Commentaries on the laws of England. [Another] (Google eBook)

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1825
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Page 30 - And Moses chose able men out of all Israel, and made them heads over the people, rulers of thousands, rulers of hundreds, rulers of fifties, and rulers of tens. And they judged the people at all seasons: the hard causes they brought unto Moses, but every small matter they judged themselves.
Page xx - EF if he shall be found in your bailiwick, and him safely keep, so that you may have his body before us [or, in the Common Pleas,
Page 119 - And these may be reduced to three principal or primary articles ; the right of personal security, the right of personal liberty and the right of private property...
Page 378 - ... the trial by jury ever has been, and I trust ever will be, looked upon as the glory of the English law. And if it has so great an advantage over others in regulating civil property, how much must that advantage be heightened when it is applied to criminal cases...
Page 302 - And if there be two or more plaintiffs or defendants, and one or more of them shall die, if the cause of action shall survive to the surviving plaintiff or plaintiffs, or against the surviving defendant or defendants...
Page 342 - Then shall an oath of the LORD be between them both, that he hath not put his hand unto his neighbour's goods; and the owner of it shall accept thereof, and he shall not make it good.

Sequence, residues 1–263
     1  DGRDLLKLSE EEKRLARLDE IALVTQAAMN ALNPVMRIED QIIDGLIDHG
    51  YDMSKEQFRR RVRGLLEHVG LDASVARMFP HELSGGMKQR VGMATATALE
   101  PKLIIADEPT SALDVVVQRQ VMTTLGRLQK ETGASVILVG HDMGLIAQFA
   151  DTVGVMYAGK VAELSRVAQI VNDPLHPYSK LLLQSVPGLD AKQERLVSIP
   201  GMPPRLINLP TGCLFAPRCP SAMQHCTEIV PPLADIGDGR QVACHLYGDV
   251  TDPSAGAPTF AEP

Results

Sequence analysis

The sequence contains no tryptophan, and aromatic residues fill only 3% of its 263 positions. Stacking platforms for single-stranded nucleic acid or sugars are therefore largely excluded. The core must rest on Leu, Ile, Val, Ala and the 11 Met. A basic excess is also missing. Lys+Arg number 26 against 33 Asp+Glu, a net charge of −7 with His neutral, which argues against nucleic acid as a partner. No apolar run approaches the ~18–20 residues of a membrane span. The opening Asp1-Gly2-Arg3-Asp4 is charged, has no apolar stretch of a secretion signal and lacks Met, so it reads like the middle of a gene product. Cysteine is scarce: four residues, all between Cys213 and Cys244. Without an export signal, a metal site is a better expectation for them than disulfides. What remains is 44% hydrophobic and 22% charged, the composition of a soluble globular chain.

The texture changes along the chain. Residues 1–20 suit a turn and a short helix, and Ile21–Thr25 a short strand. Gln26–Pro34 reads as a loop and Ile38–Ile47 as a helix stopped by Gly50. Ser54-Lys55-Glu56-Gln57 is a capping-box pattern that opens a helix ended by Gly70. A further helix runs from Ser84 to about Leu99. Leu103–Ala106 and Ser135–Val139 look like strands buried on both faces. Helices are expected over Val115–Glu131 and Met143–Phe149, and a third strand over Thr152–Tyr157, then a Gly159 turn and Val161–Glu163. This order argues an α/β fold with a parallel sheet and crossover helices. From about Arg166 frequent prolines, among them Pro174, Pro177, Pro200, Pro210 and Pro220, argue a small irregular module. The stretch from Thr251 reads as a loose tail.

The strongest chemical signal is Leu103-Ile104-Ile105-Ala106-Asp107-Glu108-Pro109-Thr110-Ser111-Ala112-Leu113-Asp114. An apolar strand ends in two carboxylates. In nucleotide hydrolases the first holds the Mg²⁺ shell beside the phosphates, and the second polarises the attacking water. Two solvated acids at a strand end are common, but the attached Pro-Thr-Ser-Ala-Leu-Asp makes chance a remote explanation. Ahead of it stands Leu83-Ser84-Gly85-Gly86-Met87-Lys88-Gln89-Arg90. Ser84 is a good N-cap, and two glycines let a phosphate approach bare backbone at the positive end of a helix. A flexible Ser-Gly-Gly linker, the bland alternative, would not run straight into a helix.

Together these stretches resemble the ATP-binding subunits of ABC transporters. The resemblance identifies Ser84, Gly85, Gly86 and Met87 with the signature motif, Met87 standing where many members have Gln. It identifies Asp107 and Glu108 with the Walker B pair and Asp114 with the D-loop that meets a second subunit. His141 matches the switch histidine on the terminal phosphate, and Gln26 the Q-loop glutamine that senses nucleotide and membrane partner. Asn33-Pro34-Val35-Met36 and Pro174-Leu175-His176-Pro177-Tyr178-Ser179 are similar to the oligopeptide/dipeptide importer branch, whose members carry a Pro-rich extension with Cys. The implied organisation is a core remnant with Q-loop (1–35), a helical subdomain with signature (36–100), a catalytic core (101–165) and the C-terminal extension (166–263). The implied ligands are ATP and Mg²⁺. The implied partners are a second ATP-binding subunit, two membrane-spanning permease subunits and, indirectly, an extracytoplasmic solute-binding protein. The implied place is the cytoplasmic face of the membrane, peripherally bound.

Page 131 - ... by a fiat from the chief justice or any other of the judges, and running into all parts of the king's dominions: for the king is at all times entitled to have an account, why the liberty of any of his subjects is restrained, 11 wherever that restraint may be inflicted.
Page 1 - Municipal law, thus understood, is properly defined to be "a rule of civil conduct prescribed by the supreme power in a state, commanding what is right, and prohibiting what is wrong.
Page xii - Saundcrs, by their attorneys within contained ; and the jurors of the jury whereof mention* is within made being...
Page 28 - ... whose honorarium was directed by a decree of the senate not to exceed in any case ten thousand sesterces, or about 80/. of English money.' And, in [ 29 ] order to encourage due freedom of speech in the lawful defence of their clients, and at the same time to give a check to the unseemly licentiousness of prostitute and illiberal men, (a few of whom may sometimes insinuate themselves even into the most...

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